A threat actor has been sending thousands of emails to organizations, in what researchers warn is a reconnaissance campaign to identify targets for a possible follow-up business-email-compromise (BEC) attack.
So far, researchers have observed thousands of messages being sent to companies since December 2020, predominantly delivered to retail, telecommunications, healthcare, energy and manufacturing sectors. Of note, the campaign leverages Google’s Forms survey tool. This use of Google Forms by cybercriminals is not new and is routinely observed in credential phishing campaigns to bypass email security content filters. However, in this attack, the use of Google Forms may also prompt an ongoing dialogue between the email recipient and the attacker – setting them up as a victim for a future BEC trap, researchers say.
“This hybrid campaign combines the benefits of scale and legitimacy by leveraging Google Services with social engineering attacks, more commonly associated with BEC,” according to Proofpoint researchers in a Wednesday analysis.
The messages contain unique names of C-level executives from the target organizations, indicating that the cybercriminals have done their homework when it comes to pinpointing victims. The messages themselves are “simple but convey a sense of urgency,” said researchers – they ask the victim if they have a “quick moment” to carry out a task, as the purported sender is supposedly heading into a meeting or too busy to handle the task themselves, and point to a link in the email.
This link leads the victim to a default, untitled form hosted on Google Forms’ infrastructure. Google Forms is a survey administration software that’s offered as part of Google’s Doc Editors suite. Strangely, the form in this campaign is blank, and merely says “Untitled Form” with an “Untitled Question.”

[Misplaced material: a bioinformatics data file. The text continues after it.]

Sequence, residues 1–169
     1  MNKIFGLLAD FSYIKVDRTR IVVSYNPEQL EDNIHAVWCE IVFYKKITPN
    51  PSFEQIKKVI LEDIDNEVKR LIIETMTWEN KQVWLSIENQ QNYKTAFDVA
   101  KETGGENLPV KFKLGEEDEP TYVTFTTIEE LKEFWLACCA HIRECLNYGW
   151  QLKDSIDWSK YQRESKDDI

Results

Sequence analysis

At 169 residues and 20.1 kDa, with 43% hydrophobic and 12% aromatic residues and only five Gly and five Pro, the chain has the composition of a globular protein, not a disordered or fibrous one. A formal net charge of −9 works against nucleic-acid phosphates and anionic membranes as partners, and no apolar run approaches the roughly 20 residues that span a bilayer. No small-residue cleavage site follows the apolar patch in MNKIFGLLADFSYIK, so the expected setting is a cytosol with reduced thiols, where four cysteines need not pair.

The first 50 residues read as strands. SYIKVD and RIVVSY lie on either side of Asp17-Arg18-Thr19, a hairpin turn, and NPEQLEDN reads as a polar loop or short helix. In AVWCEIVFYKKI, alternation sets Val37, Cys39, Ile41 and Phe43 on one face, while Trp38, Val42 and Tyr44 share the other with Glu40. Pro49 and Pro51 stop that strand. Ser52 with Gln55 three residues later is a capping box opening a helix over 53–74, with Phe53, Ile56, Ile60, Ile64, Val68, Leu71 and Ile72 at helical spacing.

Researchers believe here that the primary goal is to elicit an email reply from the victim, to respond that the survey is broken or not what they expected. That can then set the ball rolling for further dialogue between the victim and attacker, setting the foundation for the future BEC attack.
“As a secondary goal, the form likely serves as a sensor to simply see if anyone fills out their form, functioning as a reconnaissance technique to weed out users who may be susceptible to clicking a suspicious link found in an email,” said researchers.
Despite this trick, the emails themselves have several red flags that may serve as dead giveaways to a suspicious email recipient. This includes erroneous spelling and grammar, with one message saying: “Are your schedule flexible to run a task for me now, =m heading into a meeting now can’t take calls or text messages just e=ail me back.”
Another giveaway is the bad actor’s email addresses used in this campaign, which in some cases appear to have no semblance of a legitimate email at all (fgtytgyg[@]gmail.com, for instance).
“We didn’t observe an established pattern across the spoofed emails; however, some of the addresses look like they were made with random keymashing while others incorporate common names/phrases,” Sherrod DeGrippo, senior director of threat research and detection at Proofpoint told Threatpost.
Researchers believe that this is just the start of a campaign – they say, attackers may be collecting reconnaissance to identify targets for undetermined follow-on threat activity.
“The tone of urgency in the emails is consistent with previous BEC actors, and therefore, we want to ensure security awareness of these attempts as an indication or warning to customers and the security community,” said researchers.
Attackers have previously leveraged Google services – including Google Forms – in various malicious ways. One phishing attack in November used Google Forms as a landing page to collect victims’ credentials, with the forms masquerading as login pages from more than 25 different companies, brands and government agencies. Another November campaign used a Google Form and an American Express logo to try and get victims to enter sensitive information. Also in November, scammers leveraged a legitimate Google Drive collaboration feature to trick users into clicking on malicious links.
“While social engineering is pervasive throughout email-borne attacks, it is employed differently in malware and credential phishing than in BEC campaigns,” said Proofpoint researchers. “In a malware campaign, social engineering is used in the initial email. Conversely, in BEC, social engineering is used throughout the lifecycle of the fraud. Although rare, we observe actors delivering malware after the exchange of benign messages.”
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